politics

Joe Biden 'is best tool in EU's armoury' to get Northern Ireland breakthrough


US President Joe Biden is the European Union’s “best tool in the armoury” to get a breakthrough in the row over Northern Ireland, sources believe.

EU diplomats hope the new US President will warn Boris Johnson against breaking his word on post-Brexit border agreements when they hold talks at the G7 summit in Cornwall.

Mr Biden is expected to publicly call for both sides to compromise – but would be making his concerns over peace in the province known privately to the PM.

Brussels has delivered a sharp warning to Mr Johnson that it is ready to act “firmly and resolutely” to ensure the UK abides by its commitments.

European Commission vice president Maros Sefcovic said the EU would “not be shy” in taking action to ensure that the UK abides by its international commitments.

Ahead of crunch talks in London tomorrow with Brexit minister Lord Frost, he warned that Brussels would not tolerate further failure to comply.



Boris Johnson and President Biden will meet for talks in Cornwall
Boris Johnson and President Biden will meet for talks in Cornwall

The Government has already angered Brussels by unilaterally extending “grace periods” to avoid checks on supermarket goods including British-made sausages.

Nor has No 10 ruled out unilaterally extending a grace period to allow Northern Irish shops to continue selling chilled meats from Britain once it expires at the end of June.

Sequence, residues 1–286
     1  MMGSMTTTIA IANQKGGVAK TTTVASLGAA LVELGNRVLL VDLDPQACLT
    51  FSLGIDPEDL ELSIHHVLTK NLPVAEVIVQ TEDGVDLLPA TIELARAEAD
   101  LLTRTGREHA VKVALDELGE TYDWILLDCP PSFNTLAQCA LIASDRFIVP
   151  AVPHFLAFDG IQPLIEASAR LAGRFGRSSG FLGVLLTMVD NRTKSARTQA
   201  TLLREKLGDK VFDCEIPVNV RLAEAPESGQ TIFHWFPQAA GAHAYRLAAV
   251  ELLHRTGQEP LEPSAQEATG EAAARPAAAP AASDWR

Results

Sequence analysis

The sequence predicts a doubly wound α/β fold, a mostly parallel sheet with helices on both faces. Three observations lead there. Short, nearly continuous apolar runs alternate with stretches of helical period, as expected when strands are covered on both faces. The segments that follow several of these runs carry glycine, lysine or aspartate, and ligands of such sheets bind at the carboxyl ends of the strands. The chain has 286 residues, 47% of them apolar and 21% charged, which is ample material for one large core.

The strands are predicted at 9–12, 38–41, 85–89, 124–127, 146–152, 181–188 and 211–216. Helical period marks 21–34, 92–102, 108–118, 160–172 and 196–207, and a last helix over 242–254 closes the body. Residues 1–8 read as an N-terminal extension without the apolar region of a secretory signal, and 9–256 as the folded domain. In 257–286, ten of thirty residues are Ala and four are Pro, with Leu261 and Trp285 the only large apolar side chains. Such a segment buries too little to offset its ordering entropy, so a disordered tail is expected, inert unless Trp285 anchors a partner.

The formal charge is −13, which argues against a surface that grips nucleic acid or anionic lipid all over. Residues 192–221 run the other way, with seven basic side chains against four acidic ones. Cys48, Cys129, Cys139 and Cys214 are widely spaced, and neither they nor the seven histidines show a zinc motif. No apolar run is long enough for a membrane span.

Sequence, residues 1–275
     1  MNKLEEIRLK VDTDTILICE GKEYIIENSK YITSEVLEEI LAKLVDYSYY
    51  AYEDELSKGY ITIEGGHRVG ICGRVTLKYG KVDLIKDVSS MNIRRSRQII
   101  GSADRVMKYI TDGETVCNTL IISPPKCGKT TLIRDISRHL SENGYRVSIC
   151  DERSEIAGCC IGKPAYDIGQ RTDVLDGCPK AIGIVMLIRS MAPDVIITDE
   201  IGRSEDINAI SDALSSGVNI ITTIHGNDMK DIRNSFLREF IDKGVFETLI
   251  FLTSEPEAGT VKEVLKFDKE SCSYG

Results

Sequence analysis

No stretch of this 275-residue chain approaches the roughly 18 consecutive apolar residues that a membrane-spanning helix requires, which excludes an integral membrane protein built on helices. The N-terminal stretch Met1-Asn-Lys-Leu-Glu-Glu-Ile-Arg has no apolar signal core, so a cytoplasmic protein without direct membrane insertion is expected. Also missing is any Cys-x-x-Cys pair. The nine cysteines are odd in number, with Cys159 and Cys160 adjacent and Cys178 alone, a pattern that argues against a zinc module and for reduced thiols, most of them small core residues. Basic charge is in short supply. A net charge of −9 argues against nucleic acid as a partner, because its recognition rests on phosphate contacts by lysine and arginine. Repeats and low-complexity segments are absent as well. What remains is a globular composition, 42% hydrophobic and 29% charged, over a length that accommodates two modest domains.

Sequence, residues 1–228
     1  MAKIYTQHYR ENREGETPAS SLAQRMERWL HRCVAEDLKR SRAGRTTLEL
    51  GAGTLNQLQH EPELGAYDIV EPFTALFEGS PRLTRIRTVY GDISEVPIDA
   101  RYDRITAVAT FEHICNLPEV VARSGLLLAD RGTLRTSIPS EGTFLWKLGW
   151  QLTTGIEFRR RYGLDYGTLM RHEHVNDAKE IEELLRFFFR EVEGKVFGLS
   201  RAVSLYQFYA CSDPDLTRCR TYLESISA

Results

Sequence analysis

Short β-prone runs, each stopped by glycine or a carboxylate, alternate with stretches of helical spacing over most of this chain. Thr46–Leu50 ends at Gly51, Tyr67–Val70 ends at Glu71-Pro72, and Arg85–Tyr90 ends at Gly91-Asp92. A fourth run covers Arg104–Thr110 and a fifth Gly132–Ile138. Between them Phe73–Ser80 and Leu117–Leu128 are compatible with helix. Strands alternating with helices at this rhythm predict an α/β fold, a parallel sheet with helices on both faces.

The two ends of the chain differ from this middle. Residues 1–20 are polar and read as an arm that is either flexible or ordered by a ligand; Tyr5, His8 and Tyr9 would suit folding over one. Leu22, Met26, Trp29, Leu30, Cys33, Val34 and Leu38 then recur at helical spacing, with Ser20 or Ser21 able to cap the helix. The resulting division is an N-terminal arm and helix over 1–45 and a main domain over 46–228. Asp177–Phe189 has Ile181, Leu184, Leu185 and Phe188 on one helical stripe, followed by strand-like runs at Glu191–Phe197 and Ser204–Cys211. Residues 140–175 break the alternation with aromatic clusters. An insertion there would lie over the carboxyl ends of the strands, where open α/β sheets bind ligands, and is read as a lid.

EU sources suggested that if Mr Biden was unable to help get a breakthrough on the thorny issue they could be forced to impose tariffs.

“There isn’t really any other option. We’ve tried the legal route. We’ll try US pressure. But if those don’t work then tariffs may be all we have left,” one diplomat said.

Mr Biden will also make clear that he regards the protocol as a key part of maintaining peace in Northern Ireland – even suggesting a trade deal with the US could be at risk without it.

The post-Brexit deal struck by Mr Johnson has angered unionists, who object to barriers to trade with the British mainland, and fuelled fears over rising sectarian tensions.

Irish foreign minister Simon Coveney discussed the issue with US Secretary of State Tony Blinken and US National Security Advisor Jake Sullivan when they met last month.

Mr Biden will travel on to Brussels for talks with EU leaders after the Cornwall summit.

Brussels insiders were downbeat about the chances of a breakthrough at today’s meeting – despite pressure from Northern Ireland retailers to break the impasse.

However, they are expected to offer minor concessions on issues including travelling with guide dogs, repetitive tagging of live animals and rules on steel imports.

Irish PM Micheal Martin warned: “It’s very important that our trust is built up, because otherwise we will have continuing issues and problems.”

However, Environment Secretary George Eustice claimed the EU had been “slow to engage” with efforts to iron out difficulties ahead of the ending of a grace period.

He branded as “bonkers” a situation in which British-made sausages could not be sold in Northern Ireland amid the ongoing row.

Lord Frost has said the Government “underestimated” the impact the NI protocol deal he helped to negotiate would have on the region.

He has called on the EU to reject “legal purism” and instead embrace “pragmatic solutions” to help resolve difficulties.

Mr Johnson spoke on the phone with Brussels chief Ursula Von der Leyen last night.

A No 10 spokesman said: “The Prime Minister set out that the UK is committed to finding practical solutions that protect the aims of the Belfast (Good Friday) Agreement and minimise the impact on the lives of people in Northern Ireland. He underlined the need for quick progress.”





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